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March 18, 2012

Realities of Parenting Severely-Autistic Children

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Sunday, ice cold and rainy. This makes a difficult day for my autistic son, Jamey, his nurse and the entire family. Wind and hail cancel plans to go anywhere. We’re stuck inside. You can only walk so much in the limited space of a home. Be great to have a giant indoor gym. Or spacious covered, enclosed patio. I consider the Mall, but that’s a no go, since we’re dealing with a leaky roof. Seems a new leak appears every few hours. I divide my time between gathering buckets and responding to Jamey’s needs. To prevent self-injurious behavior, the day becomes a steady stream of acute interventions. I help the nurse massage Jamey’s legs, arms and feet with apricot oil infused with lavender and orange. I assist in giving 2-3 warm Epsom salt baths, every 5 hours.

Around 3pm, because Jamey is exhibiting repetitive loud vocalizations, I crack open a capsule of L-Tryosine and pour it into his mouth. Within an hour, this reduces disruptive vocalizations. Thank you God!

The nurse on duty is a lifesaver. After we had won more nursing hours, I recruited him from a nursing training program.  Just a well-rounded, hard working person, who is also a great father, so I know when he’s with Jamey, he treats him as a father would treat his own son.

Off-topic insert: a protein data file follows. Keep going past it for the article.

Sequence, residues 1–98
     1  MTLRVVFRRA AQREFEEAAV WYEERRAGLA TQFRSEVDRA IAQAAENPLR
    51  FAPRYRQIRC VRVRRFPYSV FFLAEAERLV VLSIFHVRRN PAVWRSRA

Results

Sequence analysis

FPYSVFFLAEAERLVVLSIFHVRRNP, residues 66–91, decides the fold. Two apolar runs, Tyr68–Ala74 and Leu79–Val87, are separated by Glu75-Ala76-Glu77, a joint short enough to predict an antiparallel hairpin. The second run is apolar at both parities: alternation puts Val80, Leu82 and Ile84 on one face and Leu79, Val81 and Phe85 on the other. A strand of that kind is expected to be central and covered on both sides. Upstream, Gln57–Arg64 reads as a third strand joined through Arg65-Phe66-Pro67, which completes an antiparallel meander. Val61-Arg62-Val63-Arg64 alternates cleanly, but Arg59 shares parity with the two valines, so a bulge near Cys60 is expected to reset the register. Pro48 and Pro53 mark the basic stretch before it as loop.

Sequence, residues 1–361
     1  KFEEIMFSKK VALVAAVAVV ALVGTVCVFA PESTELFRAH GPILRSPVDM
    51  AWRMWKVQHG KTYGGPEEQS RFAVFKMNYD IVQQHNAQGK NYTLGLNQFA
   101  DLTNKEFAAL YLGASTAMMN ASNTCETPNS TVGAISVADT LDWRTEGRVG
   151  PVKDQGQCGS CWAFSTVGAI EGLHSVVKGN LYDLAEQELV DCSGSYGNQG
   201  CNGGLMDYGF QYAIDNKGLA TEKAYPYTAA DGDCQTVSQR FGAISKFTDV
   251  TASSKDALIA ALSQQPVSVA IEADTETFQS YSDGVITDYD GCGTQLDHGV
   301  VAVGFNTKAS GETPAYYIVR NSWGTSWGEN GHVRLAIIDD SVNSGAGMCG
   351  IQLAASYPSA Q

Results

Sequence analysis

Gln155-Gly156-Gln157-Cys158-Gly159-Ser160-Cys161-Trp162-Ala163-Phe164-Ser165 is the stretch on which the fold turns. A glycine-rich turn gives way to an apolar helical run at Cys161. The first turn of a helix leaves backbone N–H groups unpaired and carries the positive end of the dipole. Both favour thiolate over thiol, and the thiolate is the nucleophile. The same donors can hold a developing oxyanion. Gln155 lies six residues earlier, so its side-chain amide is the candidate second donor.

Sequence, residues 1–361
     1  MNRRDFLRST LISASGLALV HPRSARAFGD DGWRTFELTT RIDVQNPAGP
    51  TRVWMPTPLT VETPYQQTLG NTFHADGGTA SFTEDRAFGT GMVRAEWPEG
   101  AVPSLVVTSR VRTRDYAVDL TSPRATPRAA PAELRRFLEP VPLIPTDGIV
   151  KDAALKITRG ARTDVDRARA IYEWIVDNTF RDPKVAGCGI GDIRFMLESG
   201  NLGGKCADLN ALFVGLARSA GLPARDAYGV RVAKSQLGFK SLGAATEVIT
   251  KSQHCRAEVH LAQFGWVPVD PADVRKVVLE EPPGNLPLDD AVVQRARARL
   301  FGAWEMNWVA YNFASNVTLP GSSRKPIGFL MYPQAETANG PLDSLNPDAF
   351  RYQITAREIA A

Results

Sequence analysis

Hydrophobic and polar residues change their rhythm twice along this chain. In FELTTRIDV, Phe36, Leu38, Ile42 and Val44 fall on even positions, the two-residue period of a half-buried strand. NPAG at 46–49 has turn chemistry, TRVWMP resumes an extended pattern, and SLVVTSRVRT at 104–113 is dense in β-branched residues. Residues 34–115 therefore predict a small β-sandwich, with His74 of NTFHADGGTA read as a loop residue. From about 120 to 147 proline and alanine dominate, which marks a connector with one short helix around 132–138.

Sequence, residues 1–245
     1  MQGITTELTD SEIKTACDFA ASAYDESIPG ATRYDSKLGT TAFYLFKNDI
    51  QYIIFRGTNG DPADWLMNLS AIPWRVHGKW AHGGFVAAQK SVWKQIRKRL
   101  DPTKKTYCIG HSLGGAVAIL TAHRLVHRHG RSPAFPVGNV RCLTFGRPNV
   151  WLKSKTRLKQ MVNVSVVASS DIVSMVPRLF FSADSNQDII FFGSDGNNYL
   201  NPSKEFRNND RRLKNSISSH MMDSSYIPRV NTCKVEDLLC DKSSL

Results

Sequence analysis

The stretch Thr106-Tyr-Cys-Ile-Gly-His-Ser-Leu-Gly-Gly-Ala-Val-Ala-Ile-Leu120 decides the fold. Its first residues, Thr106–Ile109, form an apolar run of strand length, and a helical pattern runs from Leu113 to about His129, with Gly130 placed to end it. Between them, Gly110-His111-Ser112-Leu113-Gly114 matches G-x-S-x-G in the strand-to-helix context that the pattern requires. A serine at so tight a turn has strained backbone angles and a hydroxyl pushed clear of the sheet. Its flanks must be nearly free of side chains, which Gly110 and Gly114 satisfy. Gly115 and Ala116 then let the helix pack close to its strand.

After another bath, Jamey shivers and stamps his feet. He’s in a hurry to get back to bed and bounce. He loves to bounce. The nurse offers Jamey his hand held vibration tube. Jamey holds it against his cheek and smiles. Then he starts hitting his neck with it. The nurse re-directs him to hold vibration tube on his chest. He thumps the tube on chest. He’s laughing as he does this, so we know it is behaviorally driven. He’s not in pain or anything else that could explain this. Just as he’s about to thump tube on lip, I grab it.

It begins to hail. On his bed, staring out the window, Jamey watches tiny lumps of falling ice. He’s always watching the weather. The nurse straightens the room and does some charting.

Jamey has a few myoclonic jerks. I pour two tablespoons of Blackberry Swirl Barlean’s Fish oil in his water, hand it to the nurse. “Just give it to him whenever he’s ready to drink,” I suggest. Jamey is funny this way. Even when you know he’s thirsty, he may refuse a drink up to 5 xs, before he finally decides he wants it and gulps the entire amount. Perseverance pays off.

Around 7pm, Jamey will eat dinner and be given evening medications. Topamax. Keppra. Mirtazapine. Clonazepam. These are hard on a young liver. That’s why I buy and supply Jamey with Milk Thistle and N-acetylcysteine. Both are potent liver protectors.